Allen Carter was one of the top engineers for the Indian Motocycle Company during the 1930s and ‘40s. Carter was called on to build experimental models for the company and also personally built many of the factory Indian racers during an era of great on-track success for the Springfield, Massachusetts-based company. Carter also built a unique Indian prototype for the U.S. military during World War II.
Carter attained the title of Chief Engineer for Indian and worked for the popular motorcycle manufacturer through 1949. He was considered one of the most knowledgeable engineers in motorcycling during his tenure at Indian and helped produce some of the company’s best street and racing models.
Carter was born in Wilmington, Delaware, in 1906. He came from a family of mechanics and engineers. His great-grandfather was the head mechanic for the Pennsylvania Railroad and his father was a master mechanic for a large shipbuilder in Wilmington. From the time he was around 8 years old, Carter enjoyed all things mechanical.
"I used to build bicycles from junk as a kid," he recalls. "When I was a teenager, I had built motorcycles, boats, cars and even aviation motors, all from scratch."
Carter remembers his boyhood as motorcycling’s golden era.
"Back in the teens, everyone had motorcycles," Carter said. "The dirt roads were so rutted up during the winter and spring that people had motorcycles and rode them on the hard-packed footpaths that ran alongside the roads. People rode motorcycles to work during the week and then on the weekend they would put sidecars on to haul things or take family outings into the country. For a time, motorcycles were much more popular than cars."
Carter had a number of motorcycles as a young man. He owned a large variety of bikes, but he called Hendersons and Indians his favorites.
Carter’s first job out of high school was working at a local gas station and garage. He was an excellent welder and the shop kept him busy welding the fragile cars of the era. He decided working on used cars was too much dirty work.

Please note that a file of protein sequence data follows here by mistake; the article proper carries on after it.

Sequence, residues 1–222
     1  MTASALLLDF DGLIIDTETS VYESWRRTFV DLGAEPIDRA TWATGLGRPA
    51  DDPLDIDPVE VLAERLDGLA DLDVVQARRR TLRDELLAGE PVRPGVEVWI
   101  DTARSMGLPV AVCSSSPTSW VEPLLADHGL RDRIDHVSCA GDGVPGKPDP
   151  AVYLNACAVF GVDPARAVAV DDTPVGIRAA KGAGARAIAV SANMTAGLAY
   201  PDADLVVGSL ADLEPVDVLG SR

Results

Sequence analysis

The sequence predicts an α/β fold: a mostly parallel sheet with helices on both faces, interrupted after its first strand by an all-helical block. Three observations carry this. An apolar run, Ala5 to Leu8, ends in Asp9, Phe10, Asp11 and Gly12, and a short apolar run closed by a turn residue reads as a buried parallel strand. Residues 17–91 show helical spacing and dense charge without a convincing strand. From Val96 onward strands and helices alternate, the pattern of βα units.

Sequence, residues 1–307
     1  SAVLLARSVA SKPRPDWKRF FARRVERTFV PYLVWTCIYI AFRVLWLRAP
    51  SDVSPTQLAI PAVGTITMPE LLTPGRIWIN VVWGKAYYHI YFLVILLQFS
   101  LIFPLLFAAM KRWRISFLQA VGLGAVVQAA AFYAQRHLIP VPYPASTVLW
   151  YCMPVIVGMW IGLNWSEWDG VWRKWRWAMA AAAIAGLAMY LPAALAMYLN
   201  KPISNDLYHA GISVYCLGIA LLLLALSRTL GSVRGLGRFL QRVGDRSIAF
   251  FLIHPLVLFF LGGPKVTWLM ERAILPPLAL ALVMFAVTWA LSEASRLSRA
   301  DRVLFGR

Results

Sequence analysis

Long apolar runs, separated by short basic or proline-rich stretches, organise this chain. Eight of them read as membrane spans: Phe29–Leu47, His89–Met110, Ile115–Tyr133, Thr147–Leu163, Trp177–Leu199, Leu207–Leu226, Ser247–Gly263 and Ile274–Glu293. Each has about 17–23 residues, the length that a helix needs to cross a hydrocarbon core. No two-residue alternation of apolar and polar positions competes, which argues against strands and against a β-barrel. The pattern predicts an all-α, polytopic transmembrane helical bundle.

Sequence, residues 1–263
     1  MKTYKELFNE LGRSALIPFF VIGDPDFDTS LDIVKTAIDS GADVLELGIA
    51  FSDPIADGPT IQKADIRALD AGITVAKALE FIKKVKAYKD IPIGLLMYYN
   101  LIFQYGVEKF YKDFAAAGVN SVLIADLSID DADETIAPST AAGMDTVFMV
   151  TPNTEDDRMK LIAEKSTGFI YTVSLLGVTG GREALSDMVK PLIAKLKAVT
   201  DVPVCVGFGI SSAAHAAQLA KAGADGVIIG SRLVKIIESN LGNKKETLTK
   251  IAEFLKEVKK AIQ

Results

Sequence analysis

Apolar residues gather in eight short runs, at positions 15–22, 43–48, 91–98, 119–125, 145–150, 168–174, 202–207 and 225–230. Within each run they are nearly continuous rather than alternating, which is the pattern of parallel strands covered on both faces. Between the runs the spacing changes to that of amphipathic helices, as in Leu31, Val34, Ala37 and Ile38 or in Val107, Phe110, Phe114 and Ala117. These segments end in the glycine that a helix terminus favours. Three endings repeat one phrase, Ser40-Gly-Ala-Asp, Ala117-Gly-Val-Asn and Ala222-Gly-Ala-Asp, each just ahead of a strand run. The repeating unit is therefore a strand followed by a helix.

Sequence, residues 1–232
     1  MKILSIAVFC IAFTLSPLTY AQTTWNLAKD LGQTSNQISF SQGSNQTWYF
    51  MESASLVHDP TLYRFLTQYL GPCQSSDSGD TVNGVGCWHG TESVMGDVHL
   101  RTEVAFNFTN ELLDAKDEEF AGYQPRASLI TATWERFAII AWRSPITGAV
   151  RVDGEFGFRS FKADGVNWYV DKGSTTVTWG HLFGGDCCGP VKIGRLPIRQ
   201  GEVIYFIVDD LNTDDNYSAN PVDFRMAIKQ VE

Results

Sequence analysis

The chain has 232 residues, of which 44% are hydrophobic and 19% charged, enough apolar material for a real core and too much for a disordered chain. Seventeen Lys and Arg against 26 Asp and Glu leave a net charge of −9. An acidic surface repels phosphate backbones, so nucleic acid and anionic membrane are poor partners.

Fortunately, Carter quickly earned a solid reputation as a mechanic and when he was offered the opportunity to build new cars for the DuPont Motor Car Company, he jumped at the chance. That would prove to be the last job change of his life. He ultimately would work for the DuPont family for 72 years.
Carter rapidly moved from apprentice to one of the leading builders at DuPont. In the 1930s, Carter built DuPont race cars that competed in prestigious races such as the Indianapolis 500 and the 24 Hours of Le Mans.
DuPont ceased automobile production in 1932, due to the Great Depression. E. Paul DuPont had purchased controlling interest in the Indian Motocycle Company over the years, merged the two companies and assumed control at Indian. Carter remained at the old DuPont car manufacturing facility in Wilmington as Indian’s development engineer and began building Indian prototyps. It was Carter’s job to build by hand the new models conceived by the design and engineering team in Springfield. He also was in charge of building the factory racing frames for Indian during the 1930s and early-1940s.
Wooden mock-ups came into the shop and Carter would hammer out the metal over the mold by hand to produce the prototypes.
Carter was often the first to ride the new prototype Indian models. In addition to building the bikes, he put his years of riding to good use by testing the prototypes on the roads around Wilmington.
During World War II, Carter moved to Springfield to supervise the company's war production. Carter built from the ground up the experimental Model 841 shaft-driven Indian produced especially for use in the War. When DuPont sold the company to an investment group headed by Ralph B. Rogers in the mid-1940s, Carter returned to Wilmington and continued working for DuPont. He worked primarily on sport car racing cars in the 1950s and 1960s. Through the 1970s and even into the ’80s, Carter continued working at the old DuPont plant doing contract service repair work on everything from Rolls Royce cars to BMW motorcycles. He also restored classic motorcycles. Carter worked for the DuPont family through the 1990s and didn’t retire until he was 90 years old. Even after his retirement, Carter continued working on small projects at his home shop.
Carter and his wife, who died in the early 1960s, had a daughter. He also has two grandchildren. The Carter tradition carries on with a grandson who is a mechanical engineer graduate. When inducted into the Motorcycle Hall of Fame, Carter, well into his 90s, worked daily at his private shop in a home just a few blocks away from where he was born.
He was inducted into the AMA Motorcycle Hall of Fame in 2001.